4 Tips for Making UGC Your Content Marketing Hero

By: Lucy Kaplan

March 13, 2019

User-generated content (UGC) is any type of content that has been created by and put out into the world by fans (or anyone who is not being paid to post).  UGC can take many forms: testimonials, photos, blog posts, tweets, videos—anything that includes a user promoting a brand, without the brand originating the post itself.

The “Share a Coke” campaign from Coca-Cola is a perfect example of UGC in action. Coke bottles were produced with fans’ names on the labels and put into sales rotation in various cities. Participants were asked to share the pictures of their personalized Coke bottles on social media platforms.

Let’s face it: People trust other people more than they trust brands. A brand will tell you, “This is the best product ever made to do X”—but every brand says that about their product. However, if I tell a friend, “Hey! I used X product and it was the best product that I’ve ever used!” that friend will be more likely to trust my saying it, because they trust me, and I am speaking from personal experience.

Looking for inspiration? Let your audience be your guide. By watching what your users are sharing, you can gain a better understanding of your target market—and perhaps even expand your target audience. What are audiences sharing? What questions do they have about your brand? How are people using your products, and where are they using them, geographically speaking? You can learn the answers to all of these questions by paying attention to the content being created by your followers.

Remember that UGC is relatively low to no-cost. If you are a small business, taking out ads that will most likely be overlooked by thumb-scrolling digital denizens is expensive. When real people are share their own encounters with your brand on their social channels, you can build and deepen relationships with existing customers.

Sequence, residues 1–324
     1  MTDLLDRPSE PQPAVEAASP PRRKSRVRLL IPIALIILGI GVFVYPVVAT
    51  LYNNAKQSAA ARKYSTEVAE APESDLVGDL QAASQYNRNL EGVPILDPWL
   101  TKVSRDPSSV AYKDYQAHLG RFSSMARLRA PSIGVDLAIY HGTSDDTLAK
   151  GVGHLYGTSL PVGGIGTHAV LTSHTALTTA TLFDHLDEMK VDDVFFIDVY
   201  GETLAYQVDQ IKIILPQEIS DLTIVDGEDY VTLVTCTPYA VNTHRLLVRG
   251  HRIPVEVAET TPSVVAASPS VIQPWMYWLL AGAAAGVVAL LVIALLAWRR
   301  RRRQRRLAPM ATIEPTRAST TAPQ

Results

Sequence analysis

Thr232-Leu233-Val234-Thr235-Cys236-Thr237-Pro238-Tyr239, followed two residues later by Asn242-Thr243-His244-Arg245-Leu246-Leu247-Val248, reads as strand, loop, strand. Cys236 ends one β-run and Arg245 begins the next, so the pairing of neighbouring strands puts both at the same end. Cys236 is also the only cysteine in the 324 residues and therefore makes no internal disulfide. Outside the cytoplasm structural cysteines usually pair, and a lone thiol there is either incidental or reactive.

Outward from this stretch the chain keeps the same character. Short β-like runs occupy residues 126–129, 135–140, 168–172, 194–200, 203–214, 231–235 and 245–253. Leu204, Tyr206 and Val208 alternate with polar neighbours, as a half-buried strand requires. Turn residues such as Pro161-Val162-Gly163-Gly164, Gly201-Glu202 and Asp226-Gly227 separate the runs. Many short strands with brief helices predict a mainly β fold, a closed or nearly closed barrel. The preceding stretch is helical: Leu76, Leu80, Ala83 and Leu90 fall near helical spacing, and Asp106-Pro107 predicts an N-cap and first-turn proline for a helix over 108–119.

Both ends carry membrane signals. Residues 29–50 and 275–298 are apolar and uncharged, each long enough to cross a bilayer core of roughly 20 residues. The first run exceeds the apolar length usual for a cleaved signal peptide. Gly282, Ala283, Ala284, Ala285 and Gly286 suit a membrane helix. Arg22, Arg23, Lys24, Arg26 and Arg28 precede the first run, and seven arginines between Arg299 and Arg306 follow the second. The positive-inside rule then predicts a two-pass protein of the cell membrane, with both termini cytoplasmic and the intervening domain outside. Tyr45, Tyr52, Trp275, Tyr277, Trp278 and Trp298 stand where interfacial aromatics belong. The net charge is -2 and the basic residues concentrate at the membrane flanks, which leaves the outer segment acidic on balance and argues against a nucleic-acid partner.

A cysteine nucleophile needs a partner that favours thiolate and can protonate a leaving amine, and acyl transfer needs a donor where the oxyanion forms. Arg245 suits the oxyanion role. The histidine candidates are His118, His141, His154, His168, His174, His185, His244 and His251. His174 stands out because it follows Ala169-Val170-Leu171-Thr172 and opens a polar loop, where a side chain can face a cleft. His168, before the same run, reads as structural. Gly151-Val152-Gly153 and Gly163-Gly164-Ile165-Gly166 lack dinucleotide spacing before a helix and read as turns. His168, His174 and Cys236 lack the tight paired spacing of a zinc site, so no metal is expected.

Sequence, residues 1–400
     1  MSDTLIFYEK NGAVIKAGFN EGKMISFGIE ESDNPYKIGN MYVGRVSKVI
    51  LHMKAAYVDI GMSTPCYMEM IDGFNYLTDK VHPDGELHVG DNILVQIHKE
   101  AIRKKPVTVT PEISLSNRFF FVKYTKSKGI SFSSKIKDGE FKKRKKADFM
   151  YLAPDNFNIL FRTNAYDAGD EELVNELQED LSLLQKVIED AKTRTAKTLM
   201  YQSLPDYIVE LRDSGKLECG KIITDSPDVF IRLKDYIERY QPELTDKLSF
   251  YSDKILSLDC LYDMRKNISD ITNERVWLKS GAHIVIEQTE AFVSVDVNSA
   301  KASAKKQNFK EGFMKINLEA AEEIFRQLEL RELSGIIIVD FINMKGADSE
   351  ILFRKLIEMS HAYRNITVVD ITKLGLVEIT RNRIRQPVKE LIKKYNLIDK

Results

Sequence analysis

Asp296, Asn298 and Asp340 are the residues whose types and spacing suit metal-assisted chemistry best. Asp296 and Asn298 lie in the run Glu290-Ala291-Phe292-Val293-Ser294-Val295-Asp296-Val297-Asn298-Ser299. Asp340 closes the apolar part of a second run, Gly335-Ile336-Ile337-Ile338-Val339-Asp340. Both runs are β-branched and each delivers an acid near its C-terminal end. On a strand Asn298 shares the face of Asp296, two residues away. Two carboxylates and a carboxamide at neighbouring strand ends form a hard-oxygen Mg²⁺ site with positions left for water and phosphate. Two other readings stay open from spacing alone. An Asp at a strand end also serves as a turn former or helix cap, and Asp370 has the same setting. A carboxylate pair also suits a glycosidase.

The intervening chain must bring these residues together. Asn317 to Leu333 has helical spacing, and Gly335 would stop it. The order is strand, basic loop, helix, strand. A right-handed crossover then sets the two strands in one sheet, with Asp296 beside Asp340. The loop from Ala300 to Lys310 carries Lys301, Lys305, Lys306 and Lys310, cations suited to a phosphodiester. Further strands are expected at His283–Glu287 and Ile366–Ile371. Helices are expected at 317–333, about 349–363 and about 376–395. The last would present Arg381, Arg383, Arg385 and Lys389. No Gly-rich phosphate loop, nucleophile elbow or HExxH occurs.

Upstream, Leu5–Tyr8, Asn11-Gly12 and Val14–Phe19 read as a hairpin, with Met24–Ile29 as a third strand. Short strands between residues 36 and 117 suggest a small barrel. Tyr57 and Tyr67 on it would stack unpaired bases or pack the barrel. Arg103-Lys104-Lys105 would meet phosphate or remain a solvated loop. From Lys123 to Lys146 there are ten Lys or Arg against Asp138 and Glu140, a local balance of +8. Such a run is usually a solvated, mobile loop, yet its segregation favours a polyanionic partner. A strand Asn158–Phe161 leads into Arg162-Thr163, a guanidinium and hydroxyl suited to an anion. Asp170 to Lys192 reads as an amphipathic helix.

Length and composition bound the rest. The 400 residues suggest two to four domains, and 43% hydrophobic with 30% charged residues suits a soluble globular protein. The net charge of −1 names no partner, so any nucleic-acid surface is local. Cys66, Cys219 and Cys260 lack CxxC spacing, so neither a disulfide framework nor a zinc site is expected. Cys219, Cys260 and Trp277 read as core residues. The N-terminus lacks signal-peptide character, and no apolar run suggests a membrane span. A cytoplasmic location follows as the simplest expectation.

Make sure would-be UGC creators are in the know. Your brand should have an easy-to-remember hashtag associated with it. You can guide people toward your hashtag by using it in a majority of your social posts and in the lion’s share of your marketing materials. Hashtags help people come together around your brand—and perhaps more importantly, they are searchable and trackable.

Ask for permission before you post. Brands often make the mistake of finding UGC and immediately sharing it from their own channels. Once you’ve found a promising customer’s post, make sure you reach out to that person via direct message or a reply in the comments. (You can also ask them to DM you if you encounter locked accounts or want to avoid being awkward.)

UGC is a benefit to brands because it is content produced directly by people who already love your brand. It expands your content reach, and helps create new fans, deepens relationships with current consumers and provides you with brand advocates.

Have you used UGC in your content marketing? What are some of the best examples of UGC that you’ve seen?

Follow Lucy: @lucyrk78

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